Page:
Marie Lorenz (American, born 1973) is a New York–based artist who uses the tide to navigate, explore, and document urban waterways in boats she builds by hand. In 2005, the printmaker, sculptor, and filmmaker started her Tide and Current Taxi project. As part of this project, she explores New York Harbor and beyond, taking visitors in a rowboat built from salvaged materials to disused coastlines and inaccessible islands, and experiencing the urban environment from the rare perspective of the water. Along the way, she often collects trash that becomes material for her artworks in other mediums.
The artist’s five-channel video installation, Ezekia, 2014, is the fragmented story of a group of women explorers who, at some point in the not-too-distant future, navigate and make sense of a seemingly destroyed coastline. The ceaseless ebb and flow of Earth’s tides means that its shorelines are in a state of constant flux—they change more quickly than any other landscape. With this mutability in mind, Lorenz has compared the disused and often-abandoned waterways she sees from her boat to visions of a future yet to come, stark glimpses of humankind’s true effect on the environment. The women in Ezekia occupy a vertiginous future in which everything has already been recycled, familiar language has broken down, and detritus has become a precious tool for symbolic communication.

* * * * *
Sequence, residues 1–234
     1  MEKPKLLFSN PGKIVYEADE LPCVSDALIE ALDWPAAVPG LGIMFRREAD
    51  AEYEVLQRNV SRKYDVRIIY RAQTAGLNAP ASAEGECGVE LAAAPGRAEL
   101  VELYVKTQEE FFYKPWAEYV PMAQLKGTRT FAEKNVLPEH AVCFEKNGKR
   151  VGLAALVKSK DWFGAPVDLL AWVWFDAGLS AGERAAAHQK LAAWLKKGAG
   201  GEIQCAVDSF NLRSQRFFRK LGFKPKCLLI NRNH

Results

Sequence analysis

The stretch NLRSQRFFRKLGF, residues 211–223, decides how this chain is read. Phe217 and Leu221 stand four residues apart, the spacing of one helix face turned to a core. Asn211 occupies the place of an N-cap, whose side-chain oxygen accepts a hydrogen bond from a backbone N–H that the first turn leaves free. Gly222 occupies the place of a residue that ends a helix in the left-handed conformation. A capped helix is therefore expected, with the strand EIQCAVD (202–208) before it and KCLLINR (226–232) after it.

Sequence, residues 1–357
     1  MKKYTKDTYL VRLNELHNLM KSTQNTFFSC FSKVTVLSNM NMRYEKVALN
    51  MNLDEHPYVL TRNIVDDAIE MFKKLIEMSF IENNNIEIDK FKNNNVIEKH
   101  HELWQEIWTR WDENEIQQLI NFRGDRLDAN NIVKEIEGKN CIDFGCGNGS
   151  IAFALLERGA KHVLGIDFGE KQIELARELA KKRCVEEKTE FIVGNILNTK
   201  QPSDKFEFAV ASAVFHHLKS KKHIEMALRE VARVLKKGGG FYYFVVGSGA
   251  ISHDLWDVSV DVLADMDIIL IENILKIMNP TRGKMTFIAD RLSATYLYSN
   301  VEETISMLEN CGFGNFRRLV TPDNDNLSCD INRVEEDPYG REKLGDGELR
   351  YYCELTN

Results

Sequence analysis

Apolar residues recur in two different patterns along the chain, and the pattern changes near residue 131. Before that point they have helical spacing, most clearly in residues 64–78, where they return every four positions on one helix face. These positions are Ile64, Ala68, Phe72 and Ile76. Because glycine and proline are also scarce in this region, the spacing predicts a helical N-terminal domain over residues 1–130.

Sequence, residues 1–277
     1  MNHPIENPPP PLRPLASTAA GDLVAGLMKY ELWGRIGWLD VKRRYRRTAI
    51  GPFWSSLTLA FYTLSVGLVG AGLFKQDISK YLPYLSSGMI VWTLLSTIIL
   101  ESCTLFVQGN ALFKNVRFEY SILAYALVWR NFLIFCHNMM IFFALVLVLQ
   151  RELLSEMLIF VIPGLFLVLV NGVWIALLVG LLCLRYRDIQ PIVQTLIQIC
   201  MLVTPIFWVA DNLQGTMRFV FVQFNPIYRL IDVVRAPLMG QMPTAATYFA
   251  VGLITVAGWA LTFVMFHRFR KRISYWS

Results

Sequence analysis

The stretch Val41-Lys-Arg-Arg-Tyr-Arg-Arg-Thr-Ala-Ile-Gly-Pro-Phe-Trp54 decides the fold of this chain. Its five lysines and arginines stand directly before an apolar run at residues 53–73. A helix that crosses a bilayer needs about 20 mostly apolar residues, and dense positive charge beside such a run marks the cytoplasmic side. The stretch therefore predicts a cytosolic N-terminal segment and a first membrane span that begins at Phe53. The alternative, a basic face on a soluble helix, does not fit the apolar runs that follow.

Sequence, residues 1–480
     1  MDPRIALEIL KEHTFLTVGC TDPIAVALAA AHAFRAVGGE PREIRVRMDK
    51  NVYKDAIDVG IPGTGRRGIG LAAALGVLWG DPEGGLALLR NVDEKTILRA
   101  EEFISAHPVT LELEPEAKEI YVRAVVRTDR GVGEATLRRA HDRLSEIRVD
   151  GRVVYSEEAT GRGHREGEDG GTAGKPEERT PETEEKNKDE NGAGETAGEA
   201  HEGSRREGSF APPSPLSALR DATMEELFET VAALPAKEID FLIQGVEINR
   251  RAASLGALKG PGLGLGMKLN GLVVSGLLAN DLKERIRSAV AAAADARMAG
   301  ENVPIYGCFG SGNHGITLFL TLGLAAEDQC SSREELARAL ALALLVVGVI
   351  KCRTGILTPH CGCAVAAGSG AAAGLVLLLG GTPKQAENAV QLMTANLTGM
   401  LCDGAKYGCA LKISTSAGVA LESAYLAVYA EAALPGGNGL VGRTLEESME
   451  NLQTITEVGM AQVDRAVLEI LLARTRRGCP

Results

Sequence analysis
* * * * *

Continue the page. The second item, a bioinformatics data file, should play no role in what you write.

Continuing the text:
The sculptures also presented as part of this exhibition are made from charcoal rubbings Lorenz takes from wooden dock pilings along the water; they echo the maze of pilings depicted in Ezekia and connect the mysterious explorers’ world with our own.
Credit: Exhibition overview from museum website.